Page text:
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Neuroplasticity, Brain Fitness and Cognitive Health News

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Enabling deep, focused transcranial magnetic stimulation (TMS): Key neurotechnology patent #34

magnetic stimulation

– Illustrative image from U.S. Patent No. 7,520,848

Today we are sharing a key 2009 patent, assigned to Stanford University, that enables the stimulation of deeper structures of the brain without overwhelming superficial structures that are not the focus of treatment. (As mentioned, we are featuring a foundational Pervasive Neurotech patent a day, from older to newer by issue date)

U.S. Patent No. 7,520,848: Robotic apparatus for targeting and producing deep, focused transcranial magnetic stimulation

  • Assignee(s): Board of Trustees of the Leland Stanford Junior University
  • Inventor(s): M. Bret Schneider, David J. Mishelevich
  • Technology Category: Transcranial Stimulation
  • Issue Date: April 21, 2009

SharpBrains’ Take:

The ‘848 patent discloses techniques for stimulating deeper structures of the brain without overwhelming superficial structures that are not the focus of treatment. Read the rest of this entry »

Stanford University ranked #23 Holder of Pervasive Neurotech Intellectual Property*

Stanford University LogoThe Office of Technology Licensing is responsible for the management of intellectual property assets at Stanford University, where neuroscience researchers have produced multiple pervasive neurotech patents that pertain mostly to cognitive state monitoring and transcranial magnetic stimulation.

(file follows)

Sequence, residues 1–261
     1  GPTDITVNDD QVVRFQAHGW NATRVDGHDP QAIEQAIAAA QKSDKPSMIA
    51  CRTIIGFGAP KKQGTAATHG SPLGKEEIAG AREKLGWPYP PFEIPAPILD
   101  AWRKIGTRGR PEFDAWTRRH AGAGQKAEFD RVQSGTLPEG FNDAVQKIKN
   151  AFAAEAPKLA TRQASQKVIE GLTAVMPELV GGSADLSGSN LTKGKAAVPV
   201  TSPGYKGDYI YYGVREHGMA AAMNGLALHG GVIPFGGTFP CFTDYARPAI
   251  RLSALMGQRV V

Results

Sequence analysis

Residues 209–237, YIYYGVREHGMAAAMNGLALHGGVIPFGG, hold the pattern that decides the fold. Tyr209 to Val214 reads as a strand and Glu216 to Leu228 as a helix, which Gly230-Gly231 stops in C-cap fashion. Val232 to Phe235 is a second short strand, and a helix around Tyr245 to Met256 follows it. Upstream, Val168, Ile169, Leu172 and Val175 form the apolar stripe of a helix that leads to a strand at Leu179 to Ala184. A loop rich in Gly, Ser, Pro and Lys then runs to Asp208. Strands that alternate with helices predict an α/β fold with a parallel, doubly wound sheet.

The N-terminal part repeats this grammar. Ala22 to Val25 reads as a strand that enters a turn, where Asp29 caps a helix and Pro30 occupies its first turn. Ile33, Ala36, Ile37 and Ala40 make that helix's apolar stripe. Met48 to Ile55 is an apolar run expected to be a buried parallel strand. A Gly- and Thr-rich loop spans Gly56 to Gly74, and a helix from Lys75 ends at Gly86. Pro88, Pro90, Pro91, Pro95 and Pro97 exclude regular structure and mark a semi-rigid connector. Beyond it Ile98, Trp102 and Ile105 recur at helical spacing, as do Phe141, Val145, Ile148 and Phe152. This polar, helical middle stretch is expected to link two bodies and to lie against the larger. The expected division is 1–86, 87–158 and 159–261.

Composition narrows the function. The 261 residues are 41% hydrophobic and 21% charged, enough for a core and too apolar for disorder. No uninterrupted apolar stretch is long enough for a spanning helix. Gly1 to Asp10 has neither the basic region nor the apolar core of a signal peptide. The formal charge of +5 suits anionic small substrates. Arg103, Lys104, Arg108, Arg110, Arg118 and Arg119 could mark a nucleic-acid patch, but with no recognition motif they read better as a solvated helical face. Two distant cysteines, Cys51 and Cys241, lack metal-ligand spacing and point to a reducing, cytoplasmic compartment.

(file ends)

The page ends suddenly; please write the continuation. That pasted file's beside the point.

Read the rest of this entry »

Upcoming market report on Pervasive Neurotechnology

market reportJust a quick heads-up to the SharpBrains community: we are wrapping up a comprehensive market report on Pervasive Neurotechnologies (non-invasive, scalable, potentially ubiquitous). To learn when it becomes available, keep tuned via our e-Newsletter.

See below, in alphabetical order, a few of the organizations to be profiled in the report, given their relevant intellectual property portfolios (primarily patents). Read the rest of this entry »

127 scientists challenge the purported brain training “consensus” released by the Stanford Center for Longevity

Open-Letter

Scientists to Stanford: Research Shows Brain Exercises Can Work (Press release):

“A group of 127 scientists sent an “open letter” to the Stanford Center for Longevity, today, in reaction to a recent statement by the center that was highly critical of the emerging science of brain training and derogated the efficacy of all brain exercises…The letter is signed by 127 doctors and scientists, many of whom are luminaries in the field of neuroplasticity – the discipline that examines the brain’s ability to change. Signatories include members of the National Academy of Sciences, members of the Institute of Medicine, Read the rest of this entry »

Preparing Society for the Cognitive Age (Frontiers in Neuroscience article)